Written by Dentistry Today Tuesday, 08 January 2013 16:49
A new report shows that the bacteria that causes gum disease manipulates the immune system to hinder normal processes that would usually eliminate bacteria.
The information appears in the Journal of Leukocyte Biology. The study details the way in which the bacteria, Porphyromonas gingivalis, thrives when it would otherwise be destroyed. T-cells generally protect the host from microbial infection but this bacteria finds a way around that.
Ideally, this information will play a role in thwarting chronic infection that results from gingivitis.
To compile the data, researchers used mice cells that were exposed to this type of bacteria. The information indicated that the bacteria does its damage when first exposed to the pathogen. That’s why it’s essential for gingivitis treatment to start as early as possible. This way, the chances for a chronic infection decrease.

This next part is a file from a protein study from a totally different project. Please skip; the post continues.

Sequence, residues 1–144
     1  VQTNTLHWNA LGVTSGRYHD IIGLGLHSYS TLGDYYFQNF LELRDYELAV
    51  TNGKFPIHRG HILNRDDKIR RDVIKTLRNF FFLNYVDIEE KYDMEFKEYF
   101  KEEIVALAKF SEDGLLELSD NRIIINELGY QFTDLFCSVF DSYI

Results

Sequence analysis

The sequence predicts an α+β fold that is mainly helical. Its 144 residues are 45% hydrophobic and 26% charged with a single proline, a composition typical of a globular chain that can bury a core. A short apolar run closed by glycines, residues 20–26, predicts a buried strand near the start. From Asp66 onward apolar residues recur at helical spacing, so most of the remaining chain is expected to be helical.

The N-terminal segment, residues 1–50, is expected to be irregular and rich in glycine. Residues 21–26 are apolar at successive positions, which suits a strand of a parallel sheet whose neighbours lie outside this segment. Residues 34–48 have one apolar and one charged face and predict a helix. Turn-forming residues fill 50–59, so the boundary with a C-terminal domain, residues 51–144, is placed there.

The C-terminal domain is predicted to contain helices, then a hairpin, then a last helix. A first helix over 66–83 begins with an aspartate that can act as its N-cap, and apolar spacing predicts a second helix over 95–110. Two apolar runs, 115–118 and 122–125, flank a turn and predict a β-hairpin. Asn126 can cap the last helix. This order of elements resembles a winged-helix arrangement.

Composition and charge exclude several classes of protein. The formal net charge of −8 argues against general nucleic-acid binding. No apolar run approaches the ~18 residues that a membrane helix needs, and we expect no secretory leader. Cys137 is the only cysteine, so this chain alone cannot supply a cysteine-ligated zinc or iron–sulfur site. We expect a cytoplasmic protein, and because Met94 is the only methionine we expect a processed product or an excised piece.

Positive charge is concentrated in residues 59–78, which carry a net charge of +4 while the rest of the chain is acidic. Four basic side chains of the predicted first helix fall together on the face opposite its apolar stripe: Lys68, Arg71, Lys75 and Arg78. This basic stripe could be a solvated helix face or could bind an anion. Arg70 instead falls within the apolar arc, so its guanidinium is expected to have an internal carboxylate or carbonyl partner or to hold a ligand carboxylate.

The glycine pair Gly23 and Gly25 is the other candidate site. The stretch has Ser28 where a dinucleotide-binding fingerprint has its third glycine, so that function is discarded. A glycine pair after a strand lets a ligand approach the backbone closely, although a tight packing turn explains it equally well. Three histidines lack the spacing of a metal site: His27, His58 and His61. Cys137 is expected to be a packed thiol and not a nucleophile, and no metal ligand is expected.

Specially designed therapeutics or some type of vaccine would be the only way to turn back the bacteria once it spreads.
Researchers conducted the study because gum diseases are difficult treat and harder to get rid of then many other diseases. This study made it clear why that is the case when compared to other infections that may be easier to treat.